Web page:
When the first company of Mormon settlers arrived in the Great Salt Lake Valley in July 1847, it was immediately apparent that thier survival depended upon what resources they found in the mountains surrounding them. The Great Basin soil was baked hard by the sun and yielded to the plow with great difficulty. And as pioneer William Clayton noted, surveying the valley floor, "Timber is evidently lacking." But within a week of arrival, a small dam had been constructed to channel irrigation water to crops, parties had been dispatched to explore the nearby canyons for trees suitable for lumber, and names had been attached to several dozen features of the landscape including peaks, creeks, and canyons.
These place names, as well as the physcial traces and artifacts that persist in three Wasatch canyons—Mill Creek, Big Cottonwood, and Little Cottonwood—tantalize with what they suggest, but do not tell, about the history of settlement and development in the canyons. Charles Keller has extracted a wealth of information to create The Lady in the Ore Bucket, a faxcinating history of the lumber, mining, and hydropower industries built from the rich natural resources of the canyons. With more than six dozen photographs and maps, the book is alive with details concerning the personalities, politics, pacts, and peregrinations of local leaders from white settlement in 1847 through the early 1900s. It will delight any reader with an interest in the magnificent canyones that open onto the modern Wasatch Front.
Charles Keller is a retired engineer and an avid avocational historian. He lives in Salt Lake City.
Table of Contents:
Introduction: White Men Come to the Wasatch
1. Civilization's Pioneer Machine: The Sawmill in Mill Creek and Neffs Canyon
2. The Big Cottonwood Lumber Company
3. The Lumber Industry in Big Cottonwood Canyon
4. The Lumber Industry in Little Cottonwood Canyon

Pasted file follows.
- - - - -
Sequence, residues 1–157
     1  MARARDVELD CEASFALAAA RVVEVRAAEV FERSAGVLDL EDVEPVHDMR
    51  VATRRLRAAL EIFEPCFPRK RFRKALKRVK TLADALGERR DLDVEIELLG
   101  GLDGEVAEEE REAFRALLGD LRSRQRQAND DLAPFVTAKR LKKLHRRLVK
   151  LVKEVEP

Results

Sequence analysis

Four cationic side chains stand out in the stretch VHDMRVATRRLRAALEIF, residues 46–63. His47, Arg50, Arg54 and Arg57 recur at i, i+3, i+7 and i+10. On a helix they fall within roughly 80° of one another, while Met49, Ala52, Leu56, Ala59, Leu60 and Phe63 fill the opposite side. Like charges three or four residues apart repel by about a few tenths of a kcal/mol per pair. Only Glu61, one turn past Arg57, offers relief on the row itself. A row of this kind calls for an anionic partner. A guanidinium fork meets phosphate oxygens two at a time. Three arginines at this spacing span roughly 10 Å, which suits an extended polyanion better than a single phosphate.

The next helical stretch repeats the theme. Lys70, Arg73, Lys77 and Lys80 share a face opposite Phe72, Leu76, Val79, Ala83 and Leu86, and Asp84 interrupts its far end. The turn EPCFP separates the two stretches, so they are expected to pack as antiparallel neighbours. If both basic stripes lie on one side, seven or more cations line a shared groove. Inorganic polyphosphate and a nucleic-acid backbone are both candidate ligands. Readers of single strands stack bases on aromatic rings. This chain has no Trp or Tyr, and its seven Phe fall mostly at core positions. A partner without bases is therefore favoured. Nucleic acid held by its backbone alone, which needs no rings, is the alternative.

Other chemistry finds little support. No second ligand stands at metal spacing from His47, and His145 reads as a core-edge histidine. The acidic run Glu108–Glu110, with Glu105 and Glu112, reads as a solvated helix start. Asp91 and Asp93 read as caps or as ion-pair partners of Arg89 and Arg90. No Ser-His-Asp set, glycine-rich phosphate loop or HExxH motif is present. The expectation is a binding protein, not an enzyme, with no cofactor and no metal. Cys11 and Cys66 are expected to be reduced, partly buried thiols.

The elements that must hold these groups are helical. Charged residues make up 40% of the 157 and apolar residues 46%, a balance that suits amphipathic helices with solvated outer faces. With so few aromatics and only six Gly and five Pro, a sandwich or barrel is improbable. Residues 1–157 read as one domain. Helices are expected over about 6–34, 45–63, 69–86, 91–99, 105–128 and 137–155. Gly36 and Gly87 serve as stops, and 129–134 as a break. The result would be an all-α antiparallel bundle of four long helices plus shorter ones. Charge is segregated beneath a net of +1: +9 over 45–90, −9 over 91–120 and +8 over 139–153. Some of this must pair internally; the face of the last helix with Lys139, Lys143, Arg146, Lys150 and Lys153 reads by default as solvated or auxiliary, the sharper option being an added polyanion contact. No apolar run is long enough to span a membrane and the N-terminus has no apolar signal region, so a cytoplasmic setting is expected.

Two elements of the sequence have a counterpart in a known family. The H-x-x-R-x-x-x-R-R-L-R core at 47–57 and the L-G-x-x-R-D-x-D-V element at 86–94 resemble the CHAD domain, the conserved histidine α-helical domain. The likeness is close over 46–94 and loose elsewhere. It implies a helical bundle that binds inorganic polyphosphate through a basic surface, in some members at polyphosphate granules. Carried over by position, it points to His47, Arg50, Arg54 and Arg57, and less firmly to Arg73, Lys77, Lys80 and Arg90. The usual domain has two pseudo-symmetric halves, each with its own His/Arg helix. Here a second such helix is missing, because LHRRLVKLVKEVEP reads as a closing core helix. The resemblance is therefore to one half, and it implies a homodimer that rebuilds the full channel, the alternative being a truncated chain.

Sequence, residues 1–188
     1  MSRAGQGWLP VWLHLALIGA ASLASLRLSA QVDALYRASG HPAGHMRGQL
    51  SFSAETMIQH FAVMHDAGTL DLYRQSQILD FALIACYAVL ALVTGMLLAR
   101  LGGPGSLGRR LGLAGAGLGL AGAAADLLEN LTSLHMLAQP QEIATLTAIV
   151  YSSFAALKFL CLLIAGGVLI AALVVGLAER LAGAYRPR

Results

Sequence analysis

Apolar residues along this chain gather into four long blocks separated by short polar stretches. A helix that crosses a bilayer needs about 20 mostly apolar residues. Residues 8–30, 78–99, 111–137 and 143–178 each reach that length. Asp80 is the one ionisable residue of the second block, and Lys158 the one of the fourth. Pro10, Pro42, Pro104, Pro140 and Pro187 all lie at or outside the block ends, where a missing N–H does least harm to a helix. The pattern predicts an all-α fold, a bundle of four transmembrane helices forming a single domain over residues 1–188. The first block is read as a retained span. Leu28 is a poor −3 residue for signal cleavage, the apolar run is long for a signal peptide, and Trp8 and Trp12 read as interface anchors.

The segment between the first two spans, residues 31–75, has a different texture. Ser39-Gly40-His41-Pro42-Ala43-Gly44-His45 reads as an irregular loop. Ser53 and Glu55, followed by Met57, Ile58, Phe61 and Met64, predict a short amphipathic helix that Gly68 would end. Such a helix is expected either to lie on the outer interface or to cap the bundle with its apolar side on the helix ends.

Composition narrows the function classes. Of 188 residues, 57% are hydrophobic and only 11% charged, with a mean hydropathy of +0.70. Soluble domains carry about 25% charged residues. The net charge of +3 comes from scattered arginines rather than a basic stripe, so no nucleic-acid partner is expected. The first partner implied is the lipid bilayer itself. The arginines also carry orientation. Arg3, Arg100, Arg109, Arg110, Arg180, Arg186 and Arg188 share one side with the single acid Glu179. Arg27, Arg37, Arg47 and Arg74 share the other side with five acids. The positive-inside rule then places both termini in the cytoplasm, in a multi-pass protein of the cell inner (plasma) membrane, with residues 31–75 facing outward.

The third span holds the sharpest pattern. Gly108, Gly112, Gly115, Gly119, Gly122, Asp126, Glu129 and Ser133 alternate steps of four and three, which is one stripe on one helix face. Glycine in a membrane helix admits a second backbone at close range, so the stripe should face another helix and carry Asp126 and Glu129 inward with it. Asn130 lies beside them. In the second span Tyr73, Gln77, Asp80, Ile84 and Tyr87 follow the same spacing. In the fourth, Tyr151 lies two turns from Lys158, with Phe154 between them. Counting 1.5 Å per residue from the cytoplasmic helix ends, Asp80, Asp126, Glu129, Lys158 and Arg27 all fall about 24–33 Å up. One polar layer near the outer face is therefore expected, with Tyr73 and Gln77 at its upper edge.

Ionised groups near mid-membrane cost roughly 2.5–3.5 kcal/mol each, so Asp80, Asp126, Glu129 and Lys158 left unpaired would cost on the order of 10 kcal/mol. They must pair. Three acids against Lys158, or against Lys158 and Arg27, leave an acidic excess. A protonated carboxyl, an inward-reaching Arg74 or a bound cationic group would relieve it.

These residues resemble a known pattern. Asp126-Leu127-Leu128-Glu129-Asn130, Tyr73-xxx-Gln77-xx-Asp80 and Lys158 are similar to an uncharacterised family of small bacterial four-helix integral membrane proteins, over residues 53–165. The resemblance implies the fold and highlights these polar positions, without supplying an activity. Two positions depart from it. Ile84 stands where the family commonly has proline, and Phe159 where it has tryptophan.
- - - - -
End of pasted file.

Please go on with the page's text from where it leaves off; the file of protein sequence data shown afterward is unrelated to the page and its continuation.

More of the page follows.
5. Mining Comes to the Wasatch
6. Alta: A Location Being So Near Heaven
7. Alta Disasters
8. Mining in Little Cottonwood Canyon
9. Mining in Big Cottonwood Canyon
10. Recreation: Brighton Leads the Way
11. Water Projects in Big Cottonwood Canyon
12. Mill Creek Canyon—Names and Places
13. Big Cottonwood Canyon—Names and Places
14. Little Cottonwood Canyon—Names and Places
Praise and Reviews:
"For those who draw inspiration from the magnificent Wasatch Mountains, this thoroughly researched and richly detailed history is a must. Keller takes us into the heart of the mountains to reveal a history as rich and colorful as any."?—Alan Kent Powell, Utah State Historical Society
"Charles Keller's book is must reading for anyone and everyone interested in the past and the future of the Wasatch Front canyons."—Utah Historical Quarterly
"The title and the picture hint at the wonderful tales that are in store for you. From the Preface to the end, this is a book you can't put down. Charlie's prose flows like a mountain stream."—Save Our Canyons
"Charles Keller is relentless in tracking down stories to satisfy your curiosity. His book is a leisurely encyclopedic stroll through the Wasatch canyons, joyfully linking every ruined cabin and place name with a century-and-a-half of people and their desires, disasters, and dreams."—Stephen Trimble, author of The Sagebrush Ocean: A Natural History of the Great Basin